Japan Airlines passenger jet tests biofuel

By Ryan C. Christiansen | January 15, 2009
Web exclusive posted Feb. 4, 2009, at 9:47 a.m. CST

During a demonstration flight Jan. 30, Japan Airlines tested using a mixture of biofuel and traditional kerosene-based Jet-A jet fuel in a Boeing 747-300 aircraft.

Biofuel made from a 50-percent mixture of camelina, jatropha and algae oils was combined with 50-percent Jet-A fuel to power one of the plane's four Pratt & Whitney JT9D engines during a roundtrip 90-minute flight from Haneda Airport, Tokyo. During the flight, tests were conducted on the engine's performance during normal and nonstandard flight operations, which included quick accelerations and decelerations, as well as engine shutdown and restart.

"Everything went smoothly," said Captain Keiji Kobayashi, the pilot. "There was no difference at all in the performance of the engine powered by the biofuel blend and the other three engines containing regular jet fuel."

The plane did not carry any passengers or payload. No modifications were made to the aircraft or engine to accommodate the fuel mix. Data from the flight will be analyzed by Japan Airlines, Boeing, and Pratt & Whitney, a United Technologies Corp. company.

The day before the test flight, ground crews tested the biofuel mixture to ensure that the tested No. 3 engine functioned normally. The biofuel portion of the mixture was 84 percent camelina, 16 percent jatropha, and less than one percent algae.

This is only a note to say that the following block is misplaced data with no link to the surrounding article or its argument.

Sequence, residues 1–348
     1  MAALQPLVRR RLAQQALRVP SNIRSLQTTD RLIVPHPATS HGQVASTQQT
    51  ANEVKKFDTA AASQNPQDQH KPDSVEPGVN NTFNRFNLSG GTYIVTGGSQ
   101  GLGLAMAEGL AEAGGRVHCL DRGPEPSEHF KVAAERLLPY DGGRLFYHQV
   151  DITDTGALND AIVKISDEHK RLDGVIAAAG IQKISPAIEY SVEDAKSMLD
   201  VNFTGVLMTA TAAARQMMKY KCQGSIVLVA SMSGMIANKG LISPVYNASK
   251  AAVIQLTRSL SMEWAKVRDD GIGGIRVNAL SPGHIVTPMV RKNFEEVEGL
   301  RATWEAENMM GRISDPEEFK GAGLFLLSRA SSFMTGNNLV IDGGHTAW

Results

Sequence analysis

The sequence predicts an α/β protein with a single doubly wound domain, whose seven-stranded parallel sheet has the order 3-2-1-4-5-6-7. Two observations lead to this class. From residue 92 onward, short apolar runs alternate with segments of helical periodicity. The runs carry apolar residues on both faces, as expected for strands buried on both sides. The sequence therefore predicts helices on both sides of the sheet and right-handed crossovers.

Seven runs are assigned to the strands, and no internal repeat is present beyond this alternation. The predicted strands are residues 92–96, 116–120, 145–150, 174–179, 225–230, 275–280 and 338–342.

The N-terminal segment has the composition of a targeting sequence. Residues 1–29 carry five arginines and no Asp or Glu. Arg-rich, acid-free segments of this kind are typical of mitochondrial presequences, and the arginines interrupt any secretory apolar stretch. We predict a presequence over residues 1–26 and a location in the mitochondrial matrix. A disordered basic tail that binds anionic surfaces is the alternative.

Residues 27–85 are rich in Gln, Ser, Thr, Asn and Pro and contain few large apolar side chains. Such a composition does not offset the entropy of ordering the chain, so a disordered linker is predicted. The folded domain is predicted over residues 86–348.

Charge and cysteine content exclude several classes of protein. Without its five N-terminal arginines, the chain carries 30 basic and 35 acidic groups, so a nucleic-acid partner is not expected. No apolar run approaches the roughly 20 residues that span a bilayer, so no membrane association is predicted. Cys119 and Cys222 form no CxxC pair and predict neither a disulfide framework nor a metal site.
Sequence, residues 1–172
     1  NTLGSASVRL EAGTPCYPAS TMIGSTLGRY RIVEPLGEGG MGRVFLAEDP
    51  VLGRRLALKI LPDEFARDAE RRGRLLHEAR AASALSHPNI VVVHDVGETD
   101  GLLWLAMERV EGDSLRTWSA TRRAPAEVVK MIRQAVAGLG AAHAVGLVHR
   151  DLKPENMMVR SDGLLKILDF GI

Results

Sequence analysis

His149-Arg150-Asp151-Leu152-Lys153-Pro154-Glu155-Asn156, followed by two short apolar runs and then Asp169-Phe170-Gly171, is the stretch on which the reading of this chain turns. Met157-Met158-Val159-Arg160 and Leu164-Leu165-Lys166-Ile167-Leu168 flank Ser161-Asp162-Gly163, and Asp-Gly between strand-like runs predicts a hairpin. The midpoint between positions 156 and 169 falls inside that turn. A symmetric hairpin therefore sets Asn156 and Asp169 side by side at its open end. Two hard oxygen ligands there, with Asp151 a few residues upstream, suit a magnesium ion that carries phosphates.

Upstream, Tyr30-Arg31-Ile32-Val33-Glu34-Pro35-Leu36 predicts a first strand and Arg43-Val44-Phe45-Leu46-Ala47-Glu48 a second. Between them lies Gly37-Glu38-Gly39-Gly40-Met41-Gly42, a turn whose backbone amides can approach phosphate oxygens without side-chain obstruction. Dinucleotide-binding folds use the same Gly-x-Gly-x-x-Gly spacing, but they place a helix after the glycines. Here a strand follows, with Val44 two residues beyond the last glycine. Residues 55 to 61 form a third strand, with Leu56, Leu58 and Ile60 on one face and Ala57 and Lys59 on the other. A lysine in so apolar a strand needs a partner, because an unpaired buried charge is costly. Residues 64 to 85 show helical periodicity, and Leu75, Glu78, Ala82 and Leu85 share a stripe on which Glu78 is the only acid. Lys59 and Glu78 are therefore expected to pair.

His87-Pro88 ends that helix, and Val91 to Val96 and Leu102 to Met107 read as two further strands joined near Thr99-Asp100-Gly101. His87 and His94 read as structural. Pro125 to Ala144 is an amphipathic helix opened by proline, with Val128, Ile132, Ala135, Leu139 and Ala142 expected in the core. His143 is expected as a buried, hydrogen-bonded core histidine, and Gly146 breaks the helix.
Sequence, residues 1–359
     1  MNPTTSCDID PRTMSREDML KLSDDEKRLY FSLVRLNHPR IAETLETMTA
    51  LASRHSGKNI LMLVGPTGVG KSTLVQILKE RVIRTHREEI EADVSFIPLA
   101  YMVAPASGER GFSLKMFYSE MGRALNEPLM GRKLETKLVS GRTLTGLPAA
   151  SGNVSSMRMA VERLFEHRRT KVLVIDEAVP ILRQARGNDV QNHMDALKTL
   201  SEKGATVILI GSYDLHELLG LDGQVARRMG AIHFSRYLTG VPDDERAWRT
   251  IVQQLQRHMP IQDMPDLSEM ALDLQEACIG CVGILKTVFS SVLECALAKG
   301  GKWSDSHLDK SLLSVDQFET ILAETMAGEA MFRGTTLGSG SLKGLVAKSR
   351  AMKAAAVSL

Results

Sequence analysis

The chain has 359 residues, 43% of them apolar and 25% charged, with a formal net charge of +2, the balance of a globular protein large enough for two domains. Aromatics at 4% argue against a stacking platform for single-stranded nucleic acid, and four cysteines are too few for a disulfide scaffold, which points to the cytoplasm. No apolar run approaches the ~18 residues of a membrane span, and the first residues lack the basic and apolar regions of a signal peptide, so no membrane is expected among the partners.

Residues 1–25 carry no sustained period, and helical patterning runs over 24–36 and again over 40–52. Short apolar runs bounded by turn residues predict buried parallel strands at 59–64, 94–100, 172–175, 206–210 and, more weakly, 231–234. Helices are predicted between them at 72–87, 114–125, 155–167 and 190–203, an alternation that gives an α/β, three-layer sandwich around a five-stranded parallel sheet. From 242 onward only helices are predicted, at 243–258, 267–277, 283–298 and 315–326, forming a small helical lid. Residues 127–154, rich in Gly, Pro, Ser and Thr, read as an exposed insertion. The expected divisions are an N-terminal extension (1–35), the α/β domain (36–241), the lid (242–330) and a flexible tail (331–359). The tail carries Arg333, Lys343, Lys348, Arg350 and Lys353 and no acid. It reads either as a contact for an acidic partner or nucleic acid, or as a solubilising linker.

The camelina for the biofuel was provided by Sustainable Oils Inc., which is a joint venture between Seattle-based agricultural bioscience company Targeted Growth Inc. and Houston-based biofuel producer Green Earth Fuels LLC.

The jatropha oil was supplied by India-based Terasol Energy and the algae oil was provided by San Diego-based Sapphire Energy.

The biofuel was supplied by Nikki-Universal Co. Ltd., a joint venture between Des Plaines, Ill.-based UOP LLC, a Honeywell International Inc. company, and also JGC Corp. of Japan. The biofuel was produced using a proprietary hydro-processing technology. Lab tests by Boeing, UOP, and several independent laboratories verified the biofuel satisfied the industry's criteria for jet fuel performance.

"When biofuels are produced in sufficient amounts to make them commercially viable, we hope to be one of the first airlines in the world to start powering our aircraft using them," said Haruka Nishimatsu, president and chief executive officer for Japan Airlines.

Nicole Piasecki, president of Boeing Japan, said the company is hopeful that within three to five years, commercial aircraft will begin using biofuel during passenger flights. "There are remaining hurdles to overcome," she said, "including gaining the support of regulators, airports, fuel distributors and others, as well as increasing the production of environmentally and socially responsible fuel sources."

Tom Todaro, chief executive officer of Sustainable Oils, said while there currently are only a few thousand acres of camelina being managed, the company expects that number to grow to hundreds of thousands of acres within three years. "Within five years, projections are for between 100 million and 200 million gallons of camelina-based sustainable jet fuel," he predicted.
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